Logo horizontal ruler

City Marching in the Right Direction, Edelman Tells Council

By Gene Williams
Staff Writer

February 15 -- The time is right to move ahead on a regional solution to homeless problems. The trick will be getting the dozens of cities and government bodies in Southern California to step up to the task and pull in the same direction.

That’s essentially the message the City Council heard Tuesday night during a brief report from Santa Monica’s recently-appointed "homeless czar," Ed Edelman.

“I think we’re marching, maybe slow, but I think we’re marching in a direction that will lead to some positive results,” Edelman told the council.

A veteran politician and negotiator whose name has become synonymous with county health and social services, Edelman said he feels optimistic after recent talks with other officials in the region.

Stressing the importance of enlisting public opinion to help move the process forward, Edelman seemed to imply that Santa Monica’s neighboring cities are ready to get serious about the issue now that citizens there are demanding action from their elected officials.

“Public awareness is increasing,” he said. “Political will is increasing.”

In addition, the effort will require new agencies and restructuring of older ones, Edelman said.

Los Angeles Homeless Services Authority (LAHSA) -- the County agency that administers programs and funds for homeless services -- needs to be amped up and watched more carefully, Edelman said.
“We have LAHSA under scrutiny and hopefully, with the discussions that will take place, its mission will be redefined,” said Edelman, who helped start LAHSA in the early 1990s during his career as county supervisor.

Currently, LAHSA is “only composed of the City and County of LA,” Edelman explained. “It needs to be expanded to bring other cities into it. It needs to be given new powers. It needs to be held accountable for its actions.”

At the same time, Edelman has been spearheading efforts to establish mental heath courts and community courts --alternatives to criminal justice -- which would steer homeless people off the streets and into programs that provide treatment, training and counseling.

The key will be getting “each jurisdiction” to “step up” and “be responsible” for carrying out their part of a regional plan, Edelman said.

Council member Richard Bloom, who has been working for years with other Westside and County officials on the issue, agreed with the former supervisor.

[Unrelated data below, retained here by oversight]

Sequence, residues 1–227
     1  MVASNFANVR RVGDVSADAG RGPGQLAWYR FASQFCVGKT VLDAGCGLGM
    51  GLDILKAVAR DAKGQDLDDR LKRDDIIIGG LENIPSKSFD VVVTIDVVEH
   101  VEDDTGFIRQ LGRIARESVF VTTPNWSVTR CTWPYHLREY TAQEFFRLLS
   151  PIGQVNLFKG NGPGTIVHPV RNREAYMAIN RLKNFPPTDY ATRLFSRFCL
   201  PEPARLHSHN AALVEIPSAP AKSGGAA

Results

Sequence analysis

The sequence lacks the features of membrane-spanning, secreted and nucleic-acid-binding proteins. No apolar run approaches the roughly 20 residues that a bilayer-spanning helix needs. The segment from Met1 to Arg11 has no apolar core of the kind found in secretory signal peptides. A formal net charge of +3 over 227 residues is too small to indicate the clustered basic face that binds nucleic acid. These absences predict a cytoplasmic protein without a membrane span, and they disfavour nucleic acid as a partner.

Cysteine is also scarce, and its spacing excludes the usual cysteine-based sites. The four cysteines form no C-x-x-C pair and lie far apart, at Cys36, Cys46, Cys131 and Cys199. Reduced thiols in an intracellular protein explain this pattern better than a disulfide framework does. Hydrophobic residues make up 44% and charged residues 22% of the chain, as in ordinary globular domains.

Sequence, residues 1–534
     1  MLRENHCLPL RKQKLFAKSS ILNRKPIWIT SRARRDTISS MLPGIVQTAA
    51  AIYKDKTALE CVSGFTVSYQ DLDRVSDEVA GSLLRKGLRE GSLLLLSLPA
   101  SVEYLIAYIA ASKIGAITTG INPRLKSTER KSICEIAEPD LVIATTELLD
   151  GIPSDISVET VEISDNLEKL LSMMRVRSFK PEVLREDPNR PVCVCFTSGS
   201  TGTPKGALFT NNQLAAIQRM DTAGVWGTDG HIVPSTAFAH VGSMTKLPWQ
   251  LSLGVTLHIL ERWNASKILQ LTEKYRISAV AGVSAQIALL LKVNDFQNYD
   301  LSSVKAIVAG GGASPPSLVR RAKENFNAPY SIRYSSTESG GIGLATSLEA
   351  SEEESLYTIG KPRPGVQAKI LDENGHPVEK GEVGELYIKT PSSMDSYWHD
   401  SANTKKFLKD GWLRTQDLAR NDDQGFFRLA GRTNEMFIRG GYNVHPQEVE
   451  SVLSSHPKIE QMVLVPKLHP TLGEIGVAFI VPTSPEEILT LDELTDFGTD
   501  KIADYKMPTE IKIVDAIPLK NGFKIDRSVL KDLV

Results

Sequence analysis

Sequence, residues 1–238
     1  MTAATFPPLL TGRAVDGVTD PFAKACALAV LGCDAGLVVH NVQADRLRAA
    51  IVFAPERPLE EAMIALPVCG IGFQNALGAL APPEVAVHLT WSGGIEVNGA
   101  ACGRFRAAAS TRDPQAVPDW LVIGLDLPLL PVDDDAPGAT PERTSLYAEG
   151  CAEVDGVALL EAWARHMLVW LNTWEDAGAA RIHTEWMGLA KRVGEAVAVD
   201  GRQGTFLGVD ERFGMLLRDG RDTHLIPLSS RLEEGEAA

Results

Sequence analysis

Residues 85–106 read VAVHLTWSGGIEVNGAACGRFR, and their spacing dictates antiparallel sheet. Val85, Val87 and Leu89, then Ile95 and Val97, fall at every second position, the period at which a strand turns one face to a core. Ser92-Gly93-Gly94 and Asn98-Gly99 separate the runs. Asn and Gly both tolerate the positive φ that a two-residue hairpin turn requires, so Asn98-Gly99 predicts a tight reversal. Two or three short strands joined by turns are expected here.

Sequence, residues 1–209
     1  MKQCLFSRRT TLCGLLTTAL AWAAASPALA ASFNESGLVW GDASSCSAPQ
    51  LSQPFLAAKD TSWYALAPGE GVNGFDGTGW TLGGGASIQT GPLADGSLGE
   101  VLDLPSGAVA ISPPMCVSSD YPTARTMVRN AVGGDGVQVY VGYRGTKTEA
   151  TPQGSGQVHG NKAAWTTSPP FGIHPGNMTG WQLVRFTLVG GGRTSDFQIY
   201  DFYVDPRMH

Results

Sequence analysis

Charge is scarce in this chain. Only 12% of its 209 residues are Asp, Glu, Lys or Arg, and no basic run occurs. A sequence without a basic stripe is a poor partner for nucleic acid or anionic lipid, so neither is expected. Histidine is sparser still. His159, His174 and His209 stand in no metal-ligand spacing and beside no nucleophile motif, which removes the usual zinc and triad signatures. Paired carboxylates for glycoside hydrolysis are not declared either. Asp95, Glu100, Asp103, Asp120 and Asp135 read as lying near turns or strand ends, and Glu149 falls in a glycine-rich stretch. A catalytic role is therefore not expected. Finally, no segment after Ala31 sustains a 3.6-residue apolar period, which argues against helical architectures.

“The really good news is that political will around this issue is developing and is reaching a point that we’ve never seen before,” Bloom said. Now the cities need to “get together to harness that energy to make sure that it doesn’t become a series of individual issues.”

Recently Bloom and Edelman went to New York with other Southern California officials to get some pointers from City leaders there.

“One of the things we learned from New York is that it takes a concentrated effort from a central authority,” Bloom said. And that’s why dealing with homelessness in LA is such a tough nut to crack.

Whereas New York has five Burroughs under a strong mayor, Los Angeles County is made up of 88 municipalities, making it hard to coordinate efforts, Bloom said.

Compounding the problem are the staggering numbers of homeless in the region. Los Angeles County leads the nation in homelessness with some 88,000 people living on its streets, according to a recent census.

And solving the problem probably won’t be cheap. New York’s much touted success cleaning up Times Square cost the city $1 billion, according to a recent Los Angeles Times article. LAHSA’s annual budget is reported at $50 million.

Currently, officials working toward a regional solution are drafting agreements that would require municipalities to shoulder a “fair share” of the burden. But coming to such an agreement will likely be a slow and difficult process, City officials say.

Lookout Logo footer image
Copyright 1999-2008 surfsantamonica.com. All Rights Reserved.
Footer Email icon